Why is it important to build a sustainability strategy?
Modern businesses are facing more and larger challenges every day. In the recent events of COVID-19 for example, some business struggled. However, the organisations that proved to be more resilient were sustainable businesses. That’s one reason for a strategy to be put in place. But where do you start? How can you take your efforts to the next level? In this blog post, we will give some practical tips on how to design or finetune your sustainability strategy. This will help you to define your unique path and get the best out of your company in the long term.
Step 1: Identify your impact factors
Before you can start designing a sustainability strategy, you first need to understand which issues are material to your business. Each business is different, depending on:
- The industry you operate in;
- The size of your company;
- The location;
- Your place in the supply chain;
Different aspects will be relevant to your business.
The four pillars of sustainability
In order to ensure your sustainability strategy has the biggest impact possible, it is crucial to understand which factors are the most relevant to you. In order to do so, companies should conduct a materiality assessment. We would advise including the four pillars of sustainability in your assessment:
- Labour and Human Rights
- Business Ethics
- Sustainable Sourcing
By collecting data from different sources your main risk and opportunities can be identified.
One good way to determine your impact factors is by starting up the stakeholder dialogue with both internal and external stakeholders. Conducting a survey or taking interviews will give you a better understanding of the issues they find relevant. For example, end-consumers are becoming more and more aware of the environmental impact of the products they buy. So, for consumer goods, the ecological footprint of the product became a material issue.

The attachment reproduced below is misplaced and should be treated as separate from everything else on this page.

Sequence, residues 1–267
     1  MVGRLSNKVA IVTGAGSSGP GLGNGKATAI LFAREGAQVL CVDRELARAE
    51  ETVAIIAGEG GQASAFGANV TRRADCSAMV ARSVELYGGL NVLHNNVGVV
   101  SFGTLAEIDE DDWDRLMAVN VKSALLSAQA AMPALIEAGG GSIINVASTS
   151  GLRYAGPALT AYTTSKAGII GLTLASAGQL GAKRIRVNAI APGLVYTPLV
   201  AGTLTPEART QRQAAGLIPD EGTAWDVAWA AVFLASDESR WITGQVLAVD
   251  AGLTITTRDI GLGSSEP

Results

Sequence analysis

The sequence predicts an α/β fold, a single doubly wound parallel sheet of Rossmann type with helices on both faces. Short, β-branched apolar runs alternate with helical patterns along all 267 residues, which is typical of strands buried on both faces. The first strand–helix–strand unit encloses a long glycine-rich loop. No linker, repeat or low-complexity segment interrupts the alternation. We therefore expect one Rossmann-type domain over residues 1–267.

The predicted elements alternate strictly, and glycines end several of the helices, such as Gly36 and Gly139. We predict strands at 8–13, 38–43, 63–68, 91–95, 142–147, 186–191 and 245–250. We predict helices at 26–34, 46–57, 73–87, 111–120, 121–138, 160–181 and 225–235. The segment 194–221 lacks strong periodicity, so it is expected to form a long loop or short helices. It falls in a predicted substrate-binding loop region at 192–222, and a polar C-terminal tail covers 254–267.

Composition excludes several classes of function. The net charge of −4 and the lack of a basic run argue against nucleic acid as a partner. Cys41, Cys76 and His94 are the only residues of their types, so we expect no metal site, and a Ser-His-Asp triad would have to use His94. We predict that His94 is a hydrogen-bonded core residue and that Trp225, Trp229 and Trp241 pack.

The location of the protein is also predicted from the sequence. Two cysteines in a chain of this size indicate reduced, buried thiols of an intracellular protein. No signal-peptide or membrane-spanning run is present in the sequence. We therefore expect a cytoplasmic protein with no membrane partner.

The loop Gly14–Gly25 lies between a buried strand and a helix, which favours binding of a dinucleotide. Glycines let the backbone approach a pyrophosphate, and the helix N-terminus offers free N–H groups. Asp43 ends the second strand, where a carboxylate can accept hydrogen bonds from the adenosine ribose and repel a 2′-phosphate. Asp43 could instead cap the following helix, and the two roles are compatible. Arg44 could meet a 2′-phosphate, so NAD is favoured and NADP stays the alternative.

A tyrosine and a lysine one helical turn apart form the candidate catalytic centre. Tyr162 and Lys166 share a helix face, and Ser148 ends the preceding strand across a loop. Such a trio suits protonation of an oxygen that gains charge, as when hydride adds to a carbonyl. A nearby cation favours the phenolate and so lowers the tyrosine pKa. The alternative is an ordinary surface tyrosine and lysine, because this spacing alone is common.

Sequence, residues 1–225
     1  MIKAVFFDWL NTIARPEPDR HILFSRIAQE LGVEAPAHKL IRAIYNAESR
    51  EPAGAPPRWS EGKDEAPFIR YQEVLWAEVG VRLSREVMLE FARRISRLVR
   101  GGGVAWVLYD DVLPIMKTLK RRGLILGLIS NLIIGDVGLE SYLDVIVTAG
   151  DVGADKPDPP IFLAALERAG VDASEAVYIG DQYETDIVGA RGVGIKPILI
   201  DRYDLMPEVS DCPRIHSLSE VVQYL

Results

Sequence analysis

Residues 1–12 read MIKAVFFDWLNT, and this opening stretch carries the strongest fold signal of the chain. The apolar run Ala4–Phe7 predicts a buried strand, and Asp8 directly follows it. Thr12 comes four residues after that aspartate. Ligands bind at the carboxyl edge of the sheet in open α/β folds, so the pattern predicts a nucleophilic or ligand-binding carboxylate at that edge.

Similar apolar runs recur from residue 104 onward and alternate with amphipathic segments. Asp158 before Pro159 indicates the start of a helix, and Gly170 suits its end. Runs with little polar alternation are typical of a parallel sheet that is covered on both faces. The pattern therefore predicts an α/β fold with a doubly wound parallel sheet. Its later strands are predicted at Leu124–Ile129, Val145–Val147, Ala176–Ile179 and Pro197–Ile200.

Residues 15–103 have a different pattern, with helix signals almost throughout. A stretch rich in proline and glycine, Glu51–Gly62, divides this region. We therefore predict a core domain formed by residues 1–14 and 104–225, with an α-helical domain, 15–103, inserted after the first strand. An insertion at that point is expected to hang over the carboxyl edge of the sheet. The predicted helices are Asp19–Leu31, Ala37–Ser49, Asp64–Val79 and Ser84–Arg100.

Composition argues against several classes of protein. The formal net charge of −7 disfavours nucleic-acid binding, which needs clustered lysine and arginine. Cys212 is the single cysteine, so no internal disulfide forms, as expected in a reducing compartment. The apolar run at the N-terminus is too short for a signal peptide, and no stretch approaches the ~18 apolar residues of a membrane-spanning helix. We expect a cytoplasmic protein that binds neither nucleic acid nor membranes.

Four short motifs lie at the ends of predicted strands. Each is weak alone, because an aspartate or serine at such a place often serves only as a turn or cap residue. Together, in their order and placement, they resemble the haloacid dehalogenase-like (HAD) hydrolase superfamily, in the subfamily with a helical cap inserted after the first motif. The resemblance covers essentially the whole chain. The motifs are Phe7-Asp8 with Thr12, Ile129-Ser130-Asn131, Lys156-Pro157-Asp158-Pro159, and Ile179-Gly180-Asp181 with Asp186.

In addition, you can use existing databases such as EcoVadis. When registering on this platform, you will get immediate insight into the most critical sustainability challenges for your company. This information is based on years of experience and a major database. Lastly, partners like us can help you conduct thorough research to determine your impact factors. We also answer questions about the company’s power to change or influence these material issues.
Step 2: Determine your long term vision and mission
Once you defined your key material issues and you identified the ones you can actually influence. It is time to formulate a long-term mission and vision. These two statements are crucial for strategic planning to be effective. They will provide continuity and set boundaries for your company and employees.
Your ideal future
A mission statement is focused on the current situation of your business and provides a short summary of an organization’s core purpose, focus, and aims. A vision statement, on the other hand, is a short description of an organization’s aspirations and the wider impact it aims to create in the future. It is, therefore, crucial your vision and mission statement clearly reflect your core materials issues and build upon your findings of the materiality assessment. The unique characteristics of your company need to be considered. This will help you to prioritise the impact factors and create long term alignment in your company. With every decision you take, the question needs to arise whether it brings you closer to your ideal future.